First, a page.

For reasons that are perhaps too complicated to go into here, many scholars of and commentators on international affairs are also pop-culture geeks of one variety or another. Thus we get books like Theories of International Politics and Zombies and Battlestar Galactica and International Relations, as well as the slew of op-eds and blog posts that accompany the release of many big-budget science fiction and fantasy films and television programs: everything from the economics of the Death Star to the interplay of realpolitik and ethical norms in Game of Thrones. Certainly a lot of people who spend time thinking about diplomacy, foreign policy, and international institutions seem to also spend a lot of time thinking about popular culture.
In their edited book Harry Potter and International Relations Daniel Nexon and Iver Neumann lay out a four-part typology for the study of popular culture in international affairs that serves as an insightful way of organizing various approaches to speculative fiction, including the Star Wars franchise (currently, canonically, composed of seven films, two animated television series, and a few novels, with more on the way). While in my view the most useful way to engage pop-cultural artifacts to generate insights about international affairs is their fourth category, I will briefly explicate their first three categories before I make my case.
Cause/consequence. In this first category, pop-cultural artifacts like the Star Wars films are treated either as causes of outcomes, or as consequences of political and economic and cultural forces. Here we would find analyses of whether watching Star Wars makes one more or less likely to support strict border controls or increased military spending, as well as analyses of how Disney’s acquisition of Lucasfilm might change the direction of the franchise due to Disney’s distinct corporate profile and interests, including international market interests. In any case, analyses in this category treat Star Wars like any other international phenomenon, which is perhaps justified in light of the massive global ticket and merchandise sales for Star Wars product—Star Wars is popular not just in the United States, but all over the world. So from this category of analysis we primarily learn about international affairs in ways that are broader than formal relations between states, and that involve issues beyond military might and economic growth.
Allegory. In a second category we would find treatments of Star Wars that would seek to “map” different characters and situations displayed on screen onto a variety of “real-world” international events. This approach is more popular in teaching than anywhere else, as classroom instructors looking for convenient illustrations of imperial overstretch, armed rebellion, illicit economies, and the corruption of democracy can find ample material in the Star Wars films on which to draw. The cost of doing so, as with any allegorical interpretation of a text, is that we may lose sight of the manifest plot. Reading Anakin Skywalker’s line “if you’re not with me, you’re my enemy” as an allusion to G. W. Bush’s post-9/11 declarations about a war on terrorism can obscure the fact that, in the context of the film, Anakin’s line is evidence of his corruption and his turn to the dark side of the Force, which is presumably not the case with Bush (since Bush was never a Force-wielding Jedi Knight who had been prophesized to restore balance to the Force). So I would suggest that allegorical readings of Star Wars don’t tell us anything new about international affairs; instead, they illustrate things that we already know, or think that we know.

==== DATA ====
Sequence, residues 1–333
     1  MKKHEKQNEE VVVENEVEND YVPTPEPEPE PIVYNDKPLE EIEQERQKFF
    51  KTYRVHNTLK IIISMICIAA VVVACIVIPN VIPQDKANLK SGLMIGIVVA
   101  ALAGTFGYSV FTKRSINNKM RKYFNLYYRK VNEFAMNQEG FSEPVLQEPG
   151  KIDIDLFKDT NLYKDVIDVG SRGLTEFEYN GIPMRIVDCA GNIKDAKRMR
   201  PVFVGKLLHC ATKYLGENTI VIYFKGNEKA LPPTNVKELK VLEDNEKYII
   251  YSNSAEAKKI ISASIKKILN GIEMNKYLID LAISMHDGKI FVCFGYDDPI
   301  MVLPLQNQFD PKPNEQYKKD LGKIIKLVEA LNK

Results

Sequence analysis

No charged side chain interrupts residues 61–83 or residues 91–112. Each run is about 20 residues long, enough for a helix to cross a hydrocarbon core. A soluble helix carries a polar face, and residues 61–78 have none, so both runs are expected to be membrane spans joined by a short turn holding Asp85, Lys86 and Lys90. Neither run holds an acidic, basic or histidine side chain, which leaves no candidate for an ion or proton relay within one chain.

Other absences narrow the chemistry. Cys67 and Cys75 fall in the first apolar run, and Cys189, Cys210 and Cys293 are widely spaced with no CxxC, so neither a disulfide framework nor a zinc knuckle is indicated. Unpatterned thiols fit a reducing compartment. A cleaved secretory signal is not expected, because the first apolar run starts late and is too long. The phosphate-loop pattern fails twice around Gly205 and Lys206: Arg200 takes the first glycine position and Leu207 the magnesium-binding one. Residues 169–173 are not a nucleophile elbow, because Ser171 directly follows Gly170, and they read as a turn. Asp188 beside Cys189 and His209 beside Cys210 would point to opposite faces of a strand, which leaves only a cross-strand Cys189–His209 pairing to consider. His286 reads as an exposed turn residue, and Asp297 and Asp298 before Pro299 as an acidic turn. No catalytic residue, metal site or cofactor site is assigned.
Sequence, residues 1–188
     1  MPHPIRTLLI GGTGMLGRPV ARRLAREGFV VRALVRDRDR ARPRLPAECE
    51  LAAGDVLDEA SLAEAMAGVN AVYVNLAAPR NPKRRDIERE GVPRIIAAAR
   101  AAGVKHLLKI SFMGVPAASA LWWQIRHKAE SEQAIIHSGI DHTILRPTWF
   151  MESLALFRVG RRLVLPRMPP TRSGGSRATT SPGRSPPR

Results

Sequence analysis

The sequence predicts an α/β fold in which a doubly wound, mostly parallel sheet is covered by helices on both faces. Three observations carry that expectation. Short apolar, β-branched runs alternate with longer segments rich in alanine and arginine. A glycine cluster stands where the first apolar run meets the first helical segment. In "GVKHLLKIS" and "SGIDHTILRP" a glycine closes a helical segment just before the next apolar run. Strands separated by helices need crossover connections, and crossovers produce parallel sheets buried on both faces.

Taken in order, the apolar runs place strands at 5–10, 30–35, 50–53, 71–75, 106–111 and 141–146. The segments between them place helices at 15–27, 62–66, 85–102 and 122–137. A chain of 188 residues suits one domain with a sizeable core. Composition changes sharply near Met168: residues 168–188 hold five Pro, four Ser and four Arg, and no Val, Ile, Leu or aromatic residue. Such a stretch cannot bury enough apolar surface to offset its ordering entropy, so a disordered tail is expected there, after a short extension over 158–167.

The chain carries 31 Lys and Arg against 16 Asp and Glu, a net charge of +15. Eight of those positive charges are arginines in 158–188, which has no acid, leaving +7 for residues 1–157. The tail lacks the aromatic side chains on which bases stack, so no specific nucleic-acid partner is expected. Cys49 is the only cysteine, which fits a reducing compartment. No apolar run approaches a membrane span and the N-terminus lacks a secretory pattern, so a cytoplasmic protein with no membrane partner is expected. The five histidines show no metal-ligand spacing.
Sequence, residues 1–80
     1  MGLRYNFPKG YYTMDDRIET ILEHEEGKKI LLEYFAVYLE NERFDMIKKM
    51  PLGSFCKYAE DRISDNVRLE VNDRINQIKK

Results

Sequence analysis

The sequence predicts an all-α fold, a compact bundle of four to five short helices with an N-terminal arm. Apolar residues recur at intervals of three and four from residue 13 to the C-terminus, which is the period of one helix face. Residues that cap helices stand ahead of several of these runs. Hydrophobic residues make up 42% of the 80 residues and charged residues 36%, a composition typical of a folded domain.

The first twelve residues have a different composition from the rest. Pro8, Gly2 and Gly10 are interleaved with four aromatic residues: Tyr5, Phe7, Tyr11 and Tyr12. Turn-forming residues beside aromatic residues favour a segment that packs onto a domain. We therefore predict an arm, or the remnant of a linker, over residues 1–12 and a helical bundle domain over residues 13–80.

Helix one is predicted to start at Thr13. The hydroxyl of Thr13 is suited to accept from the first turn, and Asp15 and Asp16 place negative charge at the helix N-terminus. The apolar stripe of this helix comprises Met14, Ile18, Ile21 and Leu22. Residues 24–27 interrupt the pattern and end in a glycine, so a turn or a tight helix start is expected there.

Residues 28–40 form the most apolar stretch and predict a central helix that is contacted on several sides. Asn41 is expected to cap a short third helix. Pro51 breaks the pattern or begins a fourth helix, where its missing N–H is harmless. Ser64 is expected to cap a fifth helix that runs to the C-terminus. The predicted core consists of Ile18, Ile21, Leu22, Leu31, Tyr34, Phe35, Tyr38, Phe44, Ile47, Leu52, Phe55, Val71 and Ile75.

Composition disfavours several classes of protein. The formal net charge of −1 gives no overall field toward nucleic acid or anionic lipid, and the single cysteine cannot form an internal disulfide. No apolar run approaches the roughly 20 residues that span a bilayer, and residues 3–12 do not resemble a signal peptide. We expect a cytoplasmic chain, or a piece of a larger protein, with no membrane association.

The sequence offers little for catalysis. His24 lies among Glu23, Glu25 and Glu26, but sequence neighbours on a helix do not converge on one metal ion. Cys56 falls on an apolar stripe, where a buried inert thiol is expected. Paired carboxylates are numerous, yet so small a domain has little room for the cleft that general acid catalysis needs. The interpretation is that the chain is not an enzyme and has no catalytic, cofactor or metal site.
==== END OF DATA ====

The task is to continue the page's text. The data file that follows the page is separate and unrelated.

Data. In a third category we would find uses of Star Wars as proxy sources of data about public attitudes, collective beliefs, and the like. The panel that we recently held at the International Studies Association’s annual meeting featured a number of papers in this idiom, including a content analysis of press coverage of the “China threat” and its frequent use of allusions to the Death Star, and a study of how references to the “dark side” inform discussions of U.S. counter-terrorism strategy. The focus here is not on the pop-cultural artifact itself, but on what its popularity represents; Star Wars provides a set of shorthand expressions that we can see prominently on display in U.S. national security discussions, and that provides us with additional insight into those discussions. Of course, the real trick is that the operative meaning of “the dark side” or “the Death Star” might be rather far removed from the roles that these notions play in the films themselves, as is certainly the case with 1980s-era references to the Strategic Defense Initiative as “Star Wars”—the proposed missile defense system had almost nothing in common with the stories we see depicted on screen in the Star Wars films. So we must be cautious.